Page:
Road Ecology Program Manager Rob Ament just returned from a week in the West African nation of Gabon. The World Bank Group invited Rob as an expert speaker for a special meeting of its Global Wildlife Program, which provides more than $130 million in grants to reduce human-wildlife conflicts. Representatives from 19 countries in Asia and Africa that will be receiving funds participated in the meeting. During the meeting, Gabon received notification that its projects were approved and will receive $9 million in funding. Rob gave a presentation on wildlife connectivity and how it is affected by various forms of transportation. He also discussed several specific efforts in which he is involved, including connectivity conservation initiatives by the International Union for the Conservation of Nature, and long range transportation efforts by the U.S. National Park Service and USFWS National Wildlife Refuges.
Presentation by Les Craig from the MSU Innovation Campus.
The West Region Transportation Workforce Center at WTI and Moscow State University for Transport Engineering (MIIT) in Russia have completed a unique, year-long collaboration designed to make transportation in rural communities more accessible to people with disabilities. In both countries, rural transit agencies struggle to meet accessibility requirements because of limited funding and large service areas. After recognizing their mutual goals, the two institutions realized that both would benefit from sharing research findings and other resources. The project was jointly sponsored by the Eurasia Foundation’s University Partnership Program and by the Small Urban and Rural Livability Center.
After WTI researchers collected information about different accessibility training programs, they shared the information with MIIT, as well as with transit providers in the U.S., both on the West Region Transportation Workforce Center website and through a series of webinars. The researchers also compared accessibility education programs and data from surveys of transit providers in their respective countries to identify barriers and successes to providing accessible transportation services. For more information, check out the feature article published by the Montana State University News Service.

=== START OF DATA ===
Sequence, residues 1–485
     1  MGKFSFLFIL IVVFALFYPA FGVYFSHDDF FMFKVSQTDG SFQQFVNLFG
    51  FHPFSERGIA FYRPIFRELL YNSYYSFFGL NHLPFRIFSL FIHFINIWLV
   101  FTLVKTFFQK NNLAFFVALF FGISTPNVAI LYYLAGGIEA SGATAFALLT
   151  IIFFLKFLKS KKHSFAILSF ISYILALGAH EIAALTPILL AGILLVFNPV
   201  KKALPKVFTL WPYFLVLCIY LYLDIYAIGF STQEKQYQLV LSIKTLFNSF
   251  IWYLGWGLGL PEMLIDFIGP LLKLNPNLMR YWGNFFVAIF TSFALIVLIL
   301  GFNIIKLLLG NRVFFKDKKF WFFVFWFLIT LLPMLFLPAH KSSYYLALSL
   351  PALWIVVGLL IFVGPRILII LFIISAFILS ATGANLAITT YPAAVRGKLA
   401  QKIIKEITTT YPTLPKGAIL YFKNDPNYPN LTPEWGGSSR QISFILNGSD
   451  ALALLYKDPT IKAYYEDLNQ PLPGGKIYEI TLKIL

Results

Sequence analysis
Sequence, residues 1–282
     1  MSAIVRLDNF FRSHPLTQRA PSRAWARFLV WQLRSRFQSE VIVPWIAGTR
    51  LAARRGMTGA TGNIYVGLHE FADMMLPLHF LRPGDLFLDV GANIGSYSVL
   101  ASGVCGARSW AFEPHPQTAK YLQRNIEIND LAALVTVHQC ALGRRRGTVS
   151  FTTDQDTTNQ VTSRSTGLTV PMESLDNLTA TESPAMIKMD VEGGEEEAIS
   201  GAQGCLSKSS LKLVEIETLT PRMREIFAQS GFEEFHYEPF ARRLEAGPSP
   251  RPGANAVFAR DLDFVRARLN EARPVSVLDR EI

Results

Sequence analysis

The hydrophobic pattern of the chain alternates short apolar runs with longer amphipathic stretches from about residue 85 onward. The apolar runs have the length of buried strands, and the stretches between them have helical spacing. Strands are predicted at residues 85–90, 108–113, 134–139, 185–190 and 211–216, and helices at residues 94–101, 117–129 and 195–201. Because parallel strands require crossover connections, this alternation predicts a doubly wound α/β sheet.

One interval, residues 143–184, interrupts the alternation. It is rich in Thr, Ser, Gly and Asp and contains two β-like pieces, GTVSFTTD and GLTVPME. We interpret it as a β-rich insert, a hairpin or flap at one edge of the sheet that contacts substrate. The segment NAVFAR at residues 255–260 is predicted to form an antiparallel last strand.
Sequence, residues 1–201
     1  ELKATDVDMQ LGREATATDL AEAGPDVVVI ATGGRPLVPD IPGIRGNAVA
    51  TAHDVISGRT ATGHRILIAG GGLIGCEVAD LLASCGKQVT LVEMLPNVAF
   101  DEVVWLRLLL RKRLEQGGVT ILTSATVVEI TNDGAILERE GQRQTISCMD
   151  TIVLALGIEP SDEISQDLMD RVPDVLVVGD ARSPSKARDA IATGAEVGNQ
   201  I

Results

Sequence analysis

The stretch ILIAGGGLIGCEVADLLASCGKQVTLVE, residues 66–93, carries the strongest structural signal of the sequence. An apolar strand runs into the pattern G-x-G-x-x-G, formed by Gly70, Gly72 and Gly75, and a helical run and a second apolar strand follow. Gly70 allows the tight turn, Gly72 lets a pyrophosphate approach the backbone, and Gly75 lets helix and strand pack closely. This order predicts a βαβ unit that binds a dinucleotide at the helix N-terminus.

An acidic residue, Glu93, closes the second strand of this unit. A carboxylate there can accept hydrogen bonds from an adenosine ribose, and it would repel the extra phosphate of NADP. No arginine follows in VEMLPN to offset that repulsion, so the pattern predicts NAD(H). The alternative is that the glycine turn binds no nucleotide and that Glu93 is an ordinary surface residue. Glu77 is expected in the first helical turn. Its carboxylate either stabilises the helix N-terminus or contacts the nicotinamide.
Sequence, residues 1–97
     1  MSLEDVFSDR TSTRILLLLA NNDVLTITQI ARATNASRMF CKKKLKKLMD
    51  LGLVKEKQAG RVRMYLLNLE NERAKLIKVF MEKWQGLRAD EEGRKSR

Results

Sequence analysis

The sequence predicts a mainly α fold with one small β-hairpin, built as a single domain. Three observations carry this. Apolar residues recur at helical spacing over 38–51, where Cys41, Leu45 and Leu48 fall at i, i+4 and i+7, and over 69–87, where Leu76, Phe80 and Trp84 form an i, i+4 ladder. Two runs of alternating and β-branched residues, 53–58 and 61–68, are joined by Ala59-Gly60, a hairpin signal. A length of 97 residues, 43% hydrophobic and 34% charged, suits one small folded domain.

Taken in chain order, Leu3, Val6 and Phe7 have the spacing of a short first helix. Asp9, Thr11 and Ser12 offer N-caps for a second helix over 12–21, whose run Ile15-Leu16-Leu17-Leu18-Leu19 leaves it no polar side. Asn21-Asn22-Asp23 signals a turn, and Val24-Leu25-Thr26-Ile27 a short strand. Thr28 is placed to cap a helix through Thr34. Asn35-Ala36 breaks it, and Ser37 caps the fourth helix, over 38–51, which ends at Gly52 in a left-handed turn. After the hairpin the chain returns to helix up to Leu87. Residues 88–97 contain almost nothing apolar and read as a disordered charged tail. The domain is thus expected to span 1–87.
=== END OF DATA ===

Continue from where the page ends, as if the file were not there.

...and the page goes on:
Last week, WTI Director Steve Albert traveled to Washington, D.C. to participate in the third annual Summit of University Transportation Centers for Safety. UTC Directors from across the country met to exchange ideas on how UTCs can better collaborate to address real world transportation problems and emerging safety issues. This year, the panels and group discussions focused on three topics: rebuilding infrastructure with technology for improved safety, how to safely deploy connected and autonomous vehicles, and key safety challenges for rural transportation. Steve facilitated the panel on rural transportation, and presented an update on WTI’s safety research, with a focus on our new research initiatives for connected and autonomous vehicles.
Start spreading the news… Recently, the New York Times published a feature article titled “Omaha’s Answer to Potholes? Go Back to Gravel Roads,”describing cities that are choosing to maintain low usage streets in disrepair by converting them back to gravel roads as a lower-cost alternative to repaving. The article cites the NCHRP study on unpaved roads authored by WTI Program Manager Laura Fay, which documented similar conversions in 27 states across the country, as well as best practices for this type of road project.
On Saturday, March 4, students and families had the opportunity to experience a free showing of Dream Big: Engineering Our World at the Ellen Theatre in downtown Bozeman as part of the Bozeman Film Society Science on Screen Film Series. The film showcases the creativity, commitment and compassion of four engineers through an exploration of amazing engineering accomplishments around the world. Dr. Michael Berry, Assistant Professor in the Civil Engineering Department and KLJ Engineer Shari Eslinger, Vice-President of the Montana Section of the American Society of Civil Engineers introduced the film by sharing their personal stories of becoming engineers. After the film, MSU Engineering students led fun, hands-on projects for kids, such as building domes out of marshmallows and toothpicks. The MSU robot that competed in the NASA Robotic Mining Competition also made an appearance!
The film screening in Bozeman was a community initiative, co-sponsored and co-organized by the Bozeman Film Society Science on Screen program, the Montana section of ASCE, KLJ Engineering, WTI, West Region Transportation Workforce Center, MSU Extended University, and the Montana Girls STEM Collaborative. The MSU units involved offer pre-college science and engineering outreach programs that introduce students to potential careers in these fields. “Many students have never considered engineering as a career only because they have no idea of the vast array of opportunities that engineering encompasses,” said WTI Education and Workforce Program Manager Susan Gallagher. “Events like these can open their ideas to a new world of exciting possibilities and we were thrilled to be a part of this collaborative effort.”